NEW YORK (TheStreet) -- The units of the upstream MLP Linn Energy have struggled last year, dropping by more than 12% in 2013. However, some new developments in 2014 have paved the way for recovery and the company's shares are up nearly 6% since January. The business is now looking much more attractive following the completion of its merger with Berry Petroleum, which also brings to an end all the speculation related to the massive transaction.
Following the merger, Linn has considerably improved its asset portfolio and is eyeing an uptake in production and revenue, despite the severe weather conditions. I believe the shares will go higher on the back of higher output and solid cash flows.
Linn Energy is currently trading at around $32.60 while its C-Corp, LinnCo is hovering at $31.60. At these price levels, both offer juicy yields of almost 9%. LinnCo's price has historically been around 7% above Linn Energy. Although both are attractive at the moment, the C-Corporation is now cheaper and will likely return to its normal levels in the near future, which makes it a better bargain.
The under-performance from Linn Energy's units can be partly attributed to criticism from short sellers (such as here), which, I believe, was largely without merit. Nonetheless, the shorts fueled speculation. In the meantime, the Securities and Exchange Commission launched an informal investigation into the merger. Moreover, the falling prices of natural gas liquids and the disappointing results from the business's wells at the Hogshooter play made things even more difficult for the business.
As a result, Linn Energy's units, despite decent growth prospects and attractive yield, have largely remained under pressure throughout 2013.
However, earlier in mid-December, the business completed the much awaited $4.9 billion merger with Berry Petroleum. To facilitate the deal, Linn created its C-Corporation, LinnCo, which acquired all outstanding shares of Berry Petroleum. Besides this deal, no other upstream master limited partnerships or LLC has ever acquired a C-Corporation.
Through this acquisition, Linn Energy significantly improved the size and quality of its asset portfolio. The merger is also in line with the company's long term strategy to become one of the leading independent energy firms of North America with assets that have a long life and low decline rate. Following the merger (on pro-forma basis), Linn became the 12th biggest American independent oil and gas company, ahead of Range Resources and behind Continental Resources .
A large part of the criticism on Linn Energy has been about the company's focus on mature wells that have long passed their peak production days. However, this does not mean that mature assets are something from which oil companies should stay away. On the contrary, a significant portion of U.S. oil production comes from older wells. Moreover, the two big boys of this industry, Exxon Mobil and Chevron , have a significant portion of mature wells in their upstream portfolios.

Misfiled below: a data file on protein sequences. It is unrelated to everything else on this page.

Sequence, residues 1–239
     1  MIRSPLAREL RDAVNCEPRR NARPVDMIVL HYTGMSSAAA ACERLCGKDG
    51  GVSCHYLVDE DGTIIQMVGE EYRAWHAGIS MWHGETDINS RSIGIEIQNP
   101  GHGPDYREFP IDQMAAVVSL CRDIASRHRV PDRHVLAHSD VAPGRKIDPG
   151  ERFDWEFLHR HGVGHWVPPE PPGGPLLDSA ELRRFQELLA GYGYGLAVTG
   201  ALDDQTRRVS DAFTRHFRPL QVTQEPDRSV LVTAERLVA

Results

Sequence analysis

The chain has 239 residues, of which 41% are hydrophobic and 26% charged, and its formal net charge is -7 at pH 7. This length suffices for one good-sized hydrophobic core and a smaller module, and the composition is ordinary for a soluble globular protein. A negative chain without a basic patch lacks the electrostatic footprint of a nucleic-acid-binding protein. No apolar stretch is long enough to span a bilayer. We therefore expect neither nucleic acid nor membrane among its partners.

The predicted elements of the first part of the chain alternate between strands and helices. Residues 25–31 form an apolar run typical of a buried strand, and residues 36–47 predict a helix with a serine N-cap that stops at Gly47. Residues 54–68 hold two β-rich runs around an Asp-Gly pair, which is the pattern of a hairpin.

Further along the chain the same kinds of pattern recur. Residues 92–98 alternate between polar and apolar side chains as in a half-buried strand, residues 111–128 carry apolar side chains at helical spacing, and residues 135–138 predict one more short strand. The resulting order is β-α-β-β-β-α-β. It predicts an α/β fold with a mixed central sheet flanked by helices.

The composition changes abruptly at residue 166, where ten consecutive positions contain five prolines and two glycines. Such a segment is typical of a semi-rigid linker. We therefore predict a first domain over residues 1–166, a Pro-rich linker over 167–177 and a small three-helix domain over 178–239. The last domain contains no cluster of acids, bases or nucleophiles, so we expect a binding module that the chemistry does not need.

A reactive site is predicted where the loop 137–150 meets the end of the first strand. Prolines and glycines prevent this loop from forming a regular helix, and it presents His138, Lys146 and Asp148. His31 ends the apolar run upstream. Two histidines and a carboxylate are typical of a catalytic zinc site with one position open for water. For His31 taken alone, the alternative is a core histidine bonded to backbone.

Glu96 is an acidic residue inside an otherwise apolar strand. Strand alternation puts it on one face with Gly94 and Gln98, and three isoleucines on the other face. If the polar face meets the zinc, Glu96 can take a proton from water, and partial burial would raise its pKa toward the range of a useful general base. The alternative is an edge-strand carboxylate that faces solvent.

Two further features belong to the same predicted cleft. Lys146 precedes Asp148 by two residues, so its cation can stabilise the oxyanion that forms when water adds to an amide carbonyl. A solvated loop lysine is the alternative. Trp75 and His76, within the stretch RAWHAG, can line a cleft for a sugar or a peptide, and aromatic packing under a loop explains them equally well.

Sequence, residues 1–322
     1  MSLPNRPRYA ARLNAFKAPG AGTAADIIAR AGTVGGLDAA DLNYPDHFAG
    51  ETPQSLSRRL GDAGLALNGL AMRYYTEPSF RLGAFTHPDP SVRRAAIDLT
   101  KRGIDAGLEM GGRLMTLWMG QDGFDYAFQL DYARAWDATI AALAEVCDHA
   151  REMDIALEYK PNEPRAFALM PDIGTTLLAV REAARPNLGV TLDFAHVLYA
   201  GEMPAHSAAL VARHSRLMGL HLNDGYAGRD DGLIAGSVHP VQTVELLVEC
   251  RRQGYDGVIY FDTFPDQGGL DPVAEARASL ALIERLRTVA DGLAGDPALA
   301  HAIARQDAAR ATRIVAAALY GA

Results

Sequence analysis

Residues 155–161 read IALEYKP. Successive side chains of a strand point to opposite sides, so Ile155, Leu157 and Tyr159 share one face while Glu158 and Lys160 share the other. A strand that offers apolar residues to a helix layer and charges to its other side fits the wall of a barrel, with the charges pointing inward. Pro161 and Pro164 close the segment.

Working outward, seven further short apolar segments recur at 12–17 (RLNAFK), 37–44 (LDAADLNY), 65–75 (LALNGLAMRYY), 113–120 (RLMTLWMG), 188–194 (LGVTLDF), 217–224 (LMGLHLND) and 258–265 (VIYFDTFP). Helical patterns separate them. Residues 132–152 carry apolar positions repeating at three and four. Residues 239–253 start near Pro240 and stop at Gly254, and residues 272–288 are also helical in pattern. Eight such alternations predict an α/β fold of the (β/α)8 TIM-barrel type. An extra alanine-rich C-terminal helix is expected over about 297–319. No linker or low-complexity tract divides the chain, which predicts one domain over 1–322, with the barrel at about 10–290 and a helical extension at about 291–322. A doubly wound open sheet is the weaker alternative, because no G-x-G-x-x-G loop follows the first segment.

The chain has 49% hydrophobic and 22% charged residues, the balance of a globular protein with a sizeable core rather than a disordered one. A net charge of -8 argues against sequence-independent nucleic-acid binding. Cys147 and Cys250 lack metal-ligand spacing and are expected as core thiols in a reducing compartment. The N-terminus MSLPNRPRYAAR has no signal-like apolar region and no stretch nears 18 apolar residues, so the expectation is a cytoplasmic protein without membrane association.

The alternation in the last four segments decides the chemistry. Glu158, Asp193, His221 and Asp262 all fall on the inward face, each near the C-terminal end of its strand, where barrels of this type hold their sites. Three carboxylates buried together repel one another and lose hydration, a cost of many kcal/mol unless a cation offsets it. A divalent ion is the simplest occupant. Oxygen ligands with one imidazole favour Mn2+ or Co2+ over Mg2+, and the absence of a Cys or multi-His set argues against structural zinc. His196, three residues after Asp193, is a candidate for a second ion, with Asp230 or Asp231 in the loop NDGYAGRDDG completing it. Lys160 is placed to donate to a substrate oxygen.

Berry Petroleum's reserves, which have been acquired by Linn, are also mature and attractive with a decline rate of 15% and reserves life of more than 18 years. Besides these, Berry also has 630 million barrels of probable and possible reserves. Moreover, the reserves will also considerably increase Linn's exposure towards liquids as Berry Petroleum's assets are mostly (75%) liquids. In short, Linn Energy can now boast of 1.1 billion barrels of oil equivalent of proven reserves that are 54% liquids.
Linn Energy has had ample time to prepare for the massive merger, therefore, I believe that the two firms will not have any major integration problems.
As for the problems at Hogshooter play, Linn Energy has now shifted its focus from the Texas side of the play that delivered the poor results, to Oklahoma side of the play that looks much more promising.
Moreover, the two companies now have attractive positions at the Permian Basin. Following the merger, Linn has more than 160,000 net acres in the region, with 160 million barrels of proven reserves that are 80% liquids. The businesses will have ample opportunities for horizontal drilling in the region, which can give a significant boost to cash flows in the coming quarters.
Meanwhile, despite the severe weather conditions at the Permian and Mid-Continent region, Linn Energy is still expecting output of 840 to 860 million cubic feet equivalent per day (MMcfed), showing an improvement from 823MMcfed in the previous quarter and 800MMcfed in the fourth quarter of 2012.
On the other hand, some of the other operators, such as Pioneer Natural Resources were forced to cut their production and drilling activities in the region, which affected Pioneer's quarterly production.
Linn Energy has suffered due to the weakness in energy prices. The firm, however, is now expecting improvements due to the positive trends in natural gas liquid prices.
Linn's new guidance indicates its cash position has already improved. The business is now expecting cash flow to be 5% to 10% above its distribution in the fourth quarter, as opposed to its prior estimate of 0% above the distribution. This can be attributed to the improvement in natural gas liquid prices and the firm's effective control over its operating expenses. Further improvement in prices will add to the firm's solid cash flows.
At the time of publication the author held no positions in any of the stocks mentioned.
This article represents the opinion of a contributor and not necessarily that of TheStreet or its editorial staff.